A Gallup poll released late last year revealed that 60 percent of Americans don’t think the media accurately and fairly reports the news, and 33 percent have absolutely no trust or confidence in the media. Finally, a whopping 27 percent have “not very much” trust in mass media (newspapers, television and radio).

Comment

When I read that Annie McCord-Wilson was among those leading the charge to have the rebel removed as the mascot of her daughter’s elementary school — Cullowhee Valley — I almost couldn’t believe it. 

In 2002 when The Smoky Mountain News was only three years old and trying to establish itself as an information source for the region, I read a fantastic letter to the editor in the Sylva Herald. It was written by then-eighth-grader Annie McCord, and I was astonished at her maturity. Here’s an excerpt from that letter discussing the use of the rebel as a mascot:

Comment

Short escapes from all of the noise coming from everywhere are so refreshing, so worthwhile. 

The holidays were a fantastic time at our home. Lori and I and our children and their partners had been spending time together since the pandemic started, had been tested, and so we felt safe getting together. My birthday is Dec. 18, a week before Christmas, so from then until New Year’s Day we had children visiting, excursions out and about, long dinners and a relatively busy holiday. Great times, especially in this year when so much was not normal.

Comment

How does one best express gratitude?

That thought kept coming up as I sat down to write a column for this week’s paper. After the rush of a holiday season that was so different, I found myself in our quiet mountain house on an unseasonably warm and sunny day pondering the year to come with more than a little excitement. This is going to be another memorable year, and I can’t wait to push forward.

Comment

This year has prompted a reckoning unlike any in memory, so we’re all looking to put a bow on 2020 and call it done, right?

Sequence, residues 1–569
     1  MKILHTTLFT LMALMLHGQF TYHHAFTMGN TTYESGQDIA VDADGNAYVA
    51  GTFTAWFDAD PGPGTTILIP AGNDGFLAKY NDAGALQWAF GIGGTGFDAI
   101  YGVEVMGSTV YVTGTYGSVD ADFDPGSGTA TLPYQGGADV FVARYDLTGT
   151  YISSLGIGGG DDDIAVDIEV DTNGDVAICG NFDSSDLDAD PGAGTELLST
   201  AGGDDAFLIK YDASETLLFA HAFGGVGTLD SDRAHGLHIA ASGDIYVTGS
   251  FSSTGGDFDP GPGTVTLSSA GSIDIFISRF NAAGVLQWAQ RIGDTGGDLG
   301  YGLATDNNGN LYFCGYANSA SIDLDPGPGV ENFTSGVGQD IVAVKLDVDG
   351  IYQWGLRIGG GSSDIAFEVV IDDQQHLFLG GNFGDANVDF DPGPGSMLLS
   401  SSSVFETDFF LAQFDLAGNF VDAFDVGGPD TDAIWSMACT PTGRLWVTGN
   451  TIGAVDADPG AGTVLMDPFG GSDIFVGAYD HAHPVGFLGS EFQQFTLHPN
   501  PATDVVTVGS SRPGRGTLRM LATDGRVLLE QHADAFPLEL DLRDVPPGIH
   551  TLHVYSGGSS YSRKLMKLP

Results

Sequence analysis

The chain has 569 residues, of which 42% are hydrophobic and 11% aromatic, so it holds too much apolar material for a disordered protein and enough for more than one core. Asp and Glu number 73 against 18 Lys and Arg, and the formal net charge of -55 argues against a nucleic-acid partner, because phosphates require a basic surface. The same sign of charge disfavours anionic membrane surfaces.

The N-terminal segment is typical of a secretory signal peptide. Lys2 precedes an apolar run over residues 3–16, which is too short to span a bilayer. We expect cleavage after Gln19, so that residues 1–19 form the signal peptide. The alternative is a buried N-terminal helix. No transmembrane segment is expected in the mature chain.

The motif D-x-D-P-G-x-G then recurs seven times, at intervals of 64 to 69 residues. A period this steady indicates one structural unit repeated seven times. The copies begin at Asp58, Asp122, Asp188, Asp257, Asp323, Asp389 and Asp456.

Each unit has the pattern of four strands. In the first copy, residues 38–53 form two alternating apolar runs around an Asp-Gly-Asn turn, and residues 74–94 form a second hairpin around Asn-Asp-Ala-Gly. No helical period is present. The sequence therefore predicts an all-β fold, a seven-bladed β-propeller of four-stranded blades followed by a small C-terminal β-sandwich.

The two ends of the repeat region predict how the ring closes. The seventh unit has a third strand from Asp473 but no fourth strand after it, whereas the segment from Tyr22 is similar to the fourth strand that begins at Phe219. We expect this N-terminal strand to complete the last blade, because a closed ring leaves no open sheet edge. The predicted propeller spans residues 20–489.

Comment

 “… one of the most significant facts about us may finally be that we all begin with the natural equipment to live a thousand kinds of life but end in the end having lived only one.” — The Interpretation of Cultures, by Clifford Geertz

How do we get from here to there, from youthful idealism, optimism and boundless energy where the whole world is your oyster to a rewarding life? Some people  know right from the start where they want to go and what they want to be, but for lot of others, me included, it was a process, a step forward and one backward, but always moving. Do you adventure or buckle down, go back to school or learn life lessons? Stay in a relationship or move on?

Comment

Smokey Mountain News Logo
SUPPORT THE SMOKY MOUNTAIN NEWS AND
INDEPENDENT, AWARD-WINNING JOURNALISM
Go to top
Payment Information

/

At our inception 20 years ago, we chose to be different. Unlike other news organizations, we made the decision to provide in-depth, regional reporting free to anyone who wanted access to it. We don’t plan to change that model. Support from our readers will help us maintain and strengthen the editorial independence that is crucial to our mission to help make Western North Carolina a better place to call home. If you are able, please support The Smoky Mountain News.

The Smoky Mountain News is a wholly private corporation. Reader contributions support the journalistic mission of SMN to remain independent. Your support of SMN does not constitute a charitable donation. If you have a question about contributing to SMN, please contact us.